FARAD originated as a repository of residue avoidance information and educational materials. Now evolved into an expert-mediated residue avoidance decision support system which has become crucial to the maintenance of a residue-free food supply to the American public. FARAD is accessible through toll-free telephone hotline, e-mail, websites & specific residue-avoidance publications.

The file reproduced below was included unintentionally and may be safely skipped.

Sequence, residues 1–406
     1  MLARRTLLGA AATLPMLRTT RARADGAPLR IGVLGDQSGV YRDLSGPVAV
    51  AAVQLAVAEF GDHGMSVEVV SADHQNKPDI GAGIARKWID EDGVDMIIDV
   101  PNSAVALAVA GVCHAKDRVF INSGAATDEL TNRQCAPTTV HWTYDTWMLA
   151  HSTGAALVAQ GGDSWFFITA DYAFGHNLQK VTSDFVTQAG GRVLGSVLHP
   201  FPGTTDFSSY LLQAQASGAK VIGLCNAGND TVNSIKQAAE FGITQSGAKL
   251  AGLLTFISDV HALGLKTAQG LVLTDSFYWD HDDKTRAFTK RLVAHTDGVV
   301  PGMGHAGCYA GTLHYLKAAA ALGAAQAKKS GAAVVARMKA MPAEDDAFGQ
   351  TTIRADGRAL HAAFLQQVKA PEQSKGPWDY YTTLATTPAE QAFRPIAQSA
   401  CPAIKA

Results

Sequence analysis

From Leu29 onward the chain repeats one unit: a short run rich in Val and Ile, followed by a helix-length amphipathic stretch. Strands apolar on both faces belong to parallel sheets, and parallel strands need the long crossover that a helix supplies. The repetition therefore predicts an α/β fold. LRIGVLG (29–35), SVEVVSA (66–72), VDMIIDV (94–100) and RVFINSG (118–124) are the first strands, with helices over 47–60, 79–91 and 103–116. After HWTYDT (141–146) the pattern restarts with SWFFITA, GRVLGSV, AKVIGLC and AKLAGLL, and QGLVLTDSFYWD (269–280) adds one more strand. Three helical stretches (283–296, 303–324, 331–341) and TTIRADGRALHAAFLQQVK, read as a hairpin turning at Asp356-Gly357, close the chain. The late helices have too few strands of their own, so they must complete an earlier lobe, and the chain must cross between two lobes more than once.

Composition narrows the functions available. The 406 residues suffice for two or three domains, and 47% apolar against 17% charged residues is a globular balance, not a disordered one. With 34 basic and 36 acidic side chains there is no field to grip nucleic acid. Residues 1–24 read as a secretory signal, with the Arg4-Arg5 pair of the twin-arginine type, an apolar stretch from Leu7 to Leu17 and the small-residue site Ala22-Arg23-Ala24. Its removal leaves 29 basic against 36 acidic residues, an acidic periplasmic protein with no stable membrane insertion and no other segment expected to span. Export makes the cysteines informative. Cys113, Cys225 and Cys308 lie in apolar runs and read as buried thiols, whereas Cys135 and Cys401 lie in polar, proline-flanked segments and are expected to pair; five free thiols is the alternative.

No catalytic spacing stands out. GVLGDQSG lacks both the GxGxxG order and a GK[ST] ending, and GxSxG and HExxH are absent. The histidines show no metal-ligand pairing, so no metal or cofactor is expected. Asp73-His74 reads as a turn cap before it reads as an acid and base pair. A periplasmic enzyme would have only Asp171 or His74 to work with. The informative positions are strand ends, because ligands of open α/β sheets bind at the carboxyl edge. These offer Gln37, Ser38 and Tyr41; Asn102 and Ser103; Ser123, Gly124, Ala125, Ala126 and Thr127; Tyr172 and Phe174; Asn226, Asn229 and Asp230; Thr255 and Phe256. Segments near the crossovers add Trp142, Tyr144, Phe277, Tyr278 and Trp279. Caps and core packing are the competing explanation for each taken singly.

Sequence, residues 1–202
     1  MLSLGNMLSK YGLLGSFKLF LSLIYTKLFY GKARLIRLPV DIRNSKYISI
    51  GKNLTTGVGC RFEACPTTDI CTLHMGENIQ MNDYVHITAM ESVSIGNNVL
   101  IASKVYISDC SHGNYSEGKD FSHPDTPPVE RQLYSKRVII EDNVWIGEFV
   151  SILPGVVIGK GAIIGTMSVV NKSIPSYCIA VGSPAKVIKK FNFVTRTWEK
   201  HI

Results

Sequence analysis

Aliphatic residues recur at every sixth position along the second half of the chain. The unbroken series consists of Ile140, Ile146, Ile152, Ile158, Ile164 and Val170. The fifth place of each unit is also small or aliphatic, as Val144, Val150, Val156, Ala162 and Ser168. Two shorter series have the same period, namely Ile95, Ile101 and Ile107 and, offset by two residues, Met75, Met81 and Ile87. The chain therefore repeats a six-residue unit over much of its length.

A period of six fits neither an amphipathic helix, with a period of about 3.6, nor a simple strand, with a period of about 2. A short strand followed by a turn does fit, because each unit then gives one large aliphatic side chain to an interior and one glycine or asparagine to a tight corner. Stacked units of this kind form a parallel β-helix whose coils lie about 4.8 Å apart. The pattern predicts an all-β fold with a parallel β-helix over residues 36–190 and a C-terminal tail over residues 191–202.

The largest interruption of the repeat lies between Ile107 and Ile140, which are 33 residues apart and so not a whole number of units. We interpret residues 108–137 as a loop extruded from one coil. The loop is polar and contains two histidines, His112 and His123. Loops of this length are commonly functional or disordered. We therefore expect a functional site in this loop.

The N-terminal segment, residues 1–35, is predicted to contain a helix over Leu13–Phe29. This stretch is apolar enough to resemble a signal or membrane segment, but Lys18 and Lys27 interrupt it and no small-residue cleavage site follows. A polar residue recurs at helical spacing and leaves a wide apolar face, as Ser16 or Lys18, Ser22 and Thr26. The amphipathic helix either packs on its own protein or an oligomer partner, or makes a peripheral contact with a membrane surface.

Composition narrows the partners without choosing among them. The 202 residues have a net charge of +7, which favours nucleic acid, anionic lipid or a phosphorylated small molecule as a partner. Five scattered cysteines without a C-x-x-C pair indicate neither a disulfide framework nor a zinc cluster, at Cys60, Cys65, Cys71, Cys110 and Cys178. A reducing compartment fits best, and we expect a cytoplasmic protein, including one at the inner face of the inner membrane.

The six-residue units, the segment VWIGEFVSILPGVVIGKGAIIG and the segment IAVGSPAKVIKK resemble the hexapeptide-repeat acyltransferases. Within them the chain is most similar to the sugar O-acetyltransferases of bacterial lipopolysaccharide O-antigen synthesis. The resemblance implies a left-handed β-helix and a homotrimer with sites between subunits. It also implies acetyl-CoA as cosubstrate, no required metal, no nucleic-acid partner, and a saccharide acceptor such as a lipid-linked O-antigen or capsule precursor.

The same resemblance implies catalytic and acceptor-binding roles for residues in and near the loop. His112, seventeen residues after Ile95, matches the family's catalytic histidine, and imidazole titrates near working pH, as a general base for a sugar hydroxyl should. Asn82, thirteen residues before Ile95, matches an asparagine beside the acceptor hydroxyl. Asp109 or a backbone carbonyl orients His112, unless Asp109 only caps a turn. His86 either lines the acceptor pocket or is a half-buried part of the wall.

The types of information available through FARAD include basic veterinary drug registration information, withdrawal times, indications for use, as well as complex technical information about the pharmacokinetics and toxicokinetics of drugs and chemicals in food animals. FARAD was authorized by the Agricultural Research, Extension, and Education Reform Act of 1998 (AREERA) which required FARAD to provide the following: 1. provide livestock producers, extension specialists, scientists, and veterinarians with information to prevent drug, pesticide, and environmental contaminant residues in food animal products; maintain up-to-date information concerning a. withdrawal times on FDA-approved food animal drugs and appropriate withdrawal intervals for drugs used in food animals in the United States, as established under section 512(a) of the Federal Food, Drug, and Cosmetic Act (21 U.S.C. 360b(a)); b. official tolerances for drugs and pesticides in tissues, eggs, and milk; c. descriptions and sensitivities of rapid screening tests for detecting residues in tissues, eggs, and milk; & d. data on the distribution and fate of chemicals in food animals; 2. publish periodically a compilation of food animal drugs approved by the FDA; 3. make information on food animal drugs available to the public through handbooks and other literature, computer software, a telephone hotline, and the Internet; 4. furnish producer quality-assurance programs with up-to-date data on approved drugs; maintain a comprehensive and up-to-date, residue avoidance database; 5. provide professional advice for determining the withdrawal times necessary for food safety in the use of drugs in food animals; and 6. engage in other activities designed to promote food safety. Objective of the three collaborating universities is to continue the development and delivery of FARAD, and to utilize current technologies to make changes in FARAD which will improve its usefulness and utility as a decision support system. Five primary tasks include: 1. Extraction & validation of data for incorporation into the system and support for publication of the Food Animal Drug Compendiums in electronic format (VetGRAM) for INTERNET delivery. Extraction of relevant data from foreign drug compendia and gFARAD partners. 2. Operation of the Regional Access Centers (RAC's) in California and NC for dissemination of residue avoidance information, with access through the toll-free number and e-mail. 3. Data entry, pharmacokinetic analysis, maintenance, & distribution of the FARAD files. 4. Preparation of FARAD Digests for publication in the Journal of the AVMA & other publications for distribution. 5. Develop & validate methods to allow extrapolative techniques to be used in providing information and advice.